“There is greater scope to encourage the use of deliberative engagement and design processes to facilitate wider community engagement in design solutions at all levels of scale. Consideration needs to be given to how this might be better resourced whether through public / private partnership arrangements or neighbourhood planning; by adopting protocols for community and stakeholder engagement in the production of detailed visual design briefs for important sites; and through the use of ‘enquiry by design’ or similar techniques to assist the master planning of strategic and sensitive sites. There should be much greater weight placed in planning applications on the criteria set out within the Statement of Community Involvement to demonstrate how proposals have evolved as a result of local feedback. The Commission is concerned with the quality and breadth of public engagement with the plan making (as opposed to the development control) process. This needs to be systemically improved and is critical. We need to move the democracy forwards to an earlier point in the process.”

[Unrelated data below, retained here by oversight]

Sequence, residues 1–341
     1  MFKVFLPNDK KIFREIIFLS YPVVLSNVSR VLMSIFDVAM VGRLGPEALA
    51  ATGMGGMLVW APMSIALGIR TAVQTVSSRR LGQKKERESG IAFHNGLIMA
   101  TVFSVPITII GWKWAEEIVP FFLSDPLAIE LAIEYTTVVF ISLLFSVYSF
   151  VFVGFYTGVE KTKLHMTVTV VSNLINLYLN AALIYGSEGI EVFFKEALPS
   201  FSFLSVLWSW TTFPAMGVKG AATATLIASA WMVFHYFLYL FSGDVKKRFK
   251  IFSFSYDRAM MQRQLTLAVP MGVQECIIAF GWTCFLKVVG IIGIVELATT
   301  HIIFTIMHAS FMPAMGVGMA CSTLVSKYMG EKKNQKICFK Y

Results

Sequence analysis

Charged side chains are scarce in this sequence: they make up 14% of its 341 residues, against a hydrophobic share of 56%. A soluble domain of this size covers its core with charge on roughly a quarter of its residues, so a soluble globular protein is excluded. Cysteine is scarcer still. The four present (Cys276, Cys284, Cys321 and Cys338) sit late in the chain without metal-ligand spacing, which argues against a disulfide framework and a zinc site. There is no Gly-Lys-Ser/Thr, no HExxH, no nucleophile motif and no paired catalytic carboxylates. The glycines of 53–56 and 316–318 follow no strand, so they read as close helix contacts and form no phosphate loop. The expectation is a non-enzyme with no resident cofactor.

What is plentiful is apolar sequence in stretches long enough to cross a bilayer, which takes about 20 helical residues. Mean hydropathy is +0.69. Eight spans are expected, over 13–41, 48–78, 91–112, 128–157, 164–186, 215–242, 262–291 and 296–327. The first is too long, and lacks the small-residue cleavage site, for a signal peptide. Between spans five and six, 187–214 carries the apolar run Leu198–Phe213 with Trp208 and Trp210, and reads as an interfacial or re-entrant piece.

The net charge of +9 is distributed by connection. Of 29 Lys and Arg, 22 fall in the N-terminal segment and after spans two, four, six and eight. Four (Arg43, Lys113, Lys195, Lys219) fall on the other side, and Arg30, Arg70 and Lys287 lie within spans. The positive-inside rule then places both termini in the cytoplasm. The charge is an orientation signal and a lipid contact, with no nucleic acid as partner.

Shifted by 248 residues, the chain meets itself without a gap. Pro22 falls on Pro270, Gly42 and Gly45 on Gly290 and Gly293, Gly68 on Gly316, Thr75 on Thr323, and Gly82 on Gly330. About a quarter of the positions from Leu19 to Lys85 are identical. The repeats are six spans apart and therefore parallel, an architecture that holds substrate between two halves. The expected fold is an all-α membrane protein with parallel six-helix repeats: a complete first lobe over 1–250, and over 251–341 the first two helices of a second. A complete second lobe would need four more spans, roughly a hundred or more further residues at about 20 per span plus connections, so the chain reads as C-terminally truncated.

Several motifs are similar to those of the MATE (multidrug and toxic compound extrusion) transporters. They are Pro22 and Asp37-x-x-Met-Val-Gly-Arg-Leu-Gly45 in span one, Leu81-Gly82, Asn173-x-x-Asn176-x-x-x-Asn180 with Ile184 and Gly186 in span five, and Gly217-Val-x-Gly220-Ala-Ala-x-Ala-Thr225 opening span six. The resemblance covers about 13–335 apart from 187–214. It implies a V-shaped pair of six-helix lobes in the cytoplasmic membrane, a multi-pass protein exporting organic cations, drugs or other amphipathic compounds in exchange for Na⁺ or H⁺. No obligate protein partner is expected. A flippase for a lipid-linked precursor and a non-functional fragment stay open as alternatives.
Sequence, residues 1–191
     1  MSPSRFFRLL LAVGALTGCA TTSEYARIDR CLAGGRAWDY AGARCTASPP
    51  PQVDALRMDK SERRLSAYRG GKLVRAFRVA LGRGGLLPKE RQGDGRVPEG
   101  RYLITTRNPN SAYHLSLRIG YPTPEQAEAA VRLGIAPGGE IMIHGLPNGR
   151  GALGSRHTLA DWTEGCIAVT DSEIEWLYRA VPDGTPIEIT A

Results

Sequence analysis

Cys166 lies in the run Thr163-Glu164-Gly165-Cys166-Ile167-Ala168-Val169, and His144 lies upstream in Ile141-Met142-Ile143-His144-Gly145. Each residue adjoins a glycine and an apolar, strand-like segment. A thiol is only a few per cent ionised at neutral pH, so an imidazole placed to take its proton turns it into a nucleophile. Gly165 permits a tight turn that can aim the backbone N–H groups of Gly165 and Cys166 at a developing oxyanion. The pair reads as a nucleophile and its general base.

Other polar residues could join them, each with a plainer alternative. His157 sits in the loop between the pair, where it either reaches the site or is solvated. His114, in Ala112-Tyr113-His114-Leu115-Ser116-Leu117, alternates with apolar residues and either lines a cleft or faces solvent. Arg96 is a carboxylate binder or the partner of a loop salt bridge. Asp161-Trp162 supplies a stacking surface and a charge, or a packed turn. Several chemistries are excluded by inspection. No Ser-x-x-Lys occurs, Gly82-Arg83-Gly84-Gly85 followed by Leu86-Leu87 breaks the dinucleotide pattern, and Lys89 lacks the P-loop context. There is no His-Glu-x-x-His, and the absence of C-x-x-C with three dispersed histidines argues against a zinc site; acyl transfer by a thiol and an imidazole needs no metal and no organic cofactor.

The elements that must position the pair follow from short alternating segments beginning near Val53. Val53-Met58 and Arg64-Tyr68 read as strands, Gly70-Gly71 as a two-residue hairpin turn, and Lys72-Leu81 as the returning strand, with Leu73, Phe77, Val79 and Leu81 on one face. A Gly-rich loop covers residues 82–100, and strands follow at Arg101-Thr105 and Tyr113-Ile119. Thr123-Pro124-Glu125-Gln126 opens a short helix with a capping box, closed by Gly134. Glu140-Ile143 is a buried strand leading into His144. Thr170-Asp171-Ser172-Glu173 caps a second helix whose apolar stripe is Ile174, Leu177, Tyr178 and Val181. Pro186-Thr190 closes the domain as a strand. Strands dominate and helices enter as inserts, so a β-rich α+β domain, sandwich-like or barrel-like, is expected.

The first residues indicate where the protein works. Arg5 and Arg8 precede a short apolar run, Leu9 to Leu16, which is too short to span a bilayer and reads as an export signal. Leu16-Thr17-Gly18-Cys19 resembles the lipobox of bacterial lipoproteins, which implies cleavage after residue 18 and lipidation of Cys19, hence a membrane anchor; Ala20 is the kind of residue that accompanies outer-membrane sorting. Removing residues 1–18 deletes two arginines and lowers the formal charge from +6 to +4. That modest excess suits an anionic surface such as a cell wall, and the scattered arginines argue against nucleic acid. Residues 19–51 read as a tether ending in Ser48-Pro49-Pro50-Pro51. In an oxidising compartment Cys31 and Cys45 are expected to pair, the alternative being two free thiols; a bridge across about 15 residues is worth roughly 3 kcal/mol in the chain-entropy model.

If that was given teeth it would be very powerful. Local design codes reflecting popular wishes would probably mean the end of tower blocks and a huge revival for neo-classicism. There would actually be a great advantage for developers in that there would be greater certainty in what would be approved. The long delay and costs in legal fees would be reduced.

Some imagine that the profit motive explains the failure to provide beauty. But ugly buildings can be more expensive. Anna Mansfield of the public realm consultancy, told the Commission: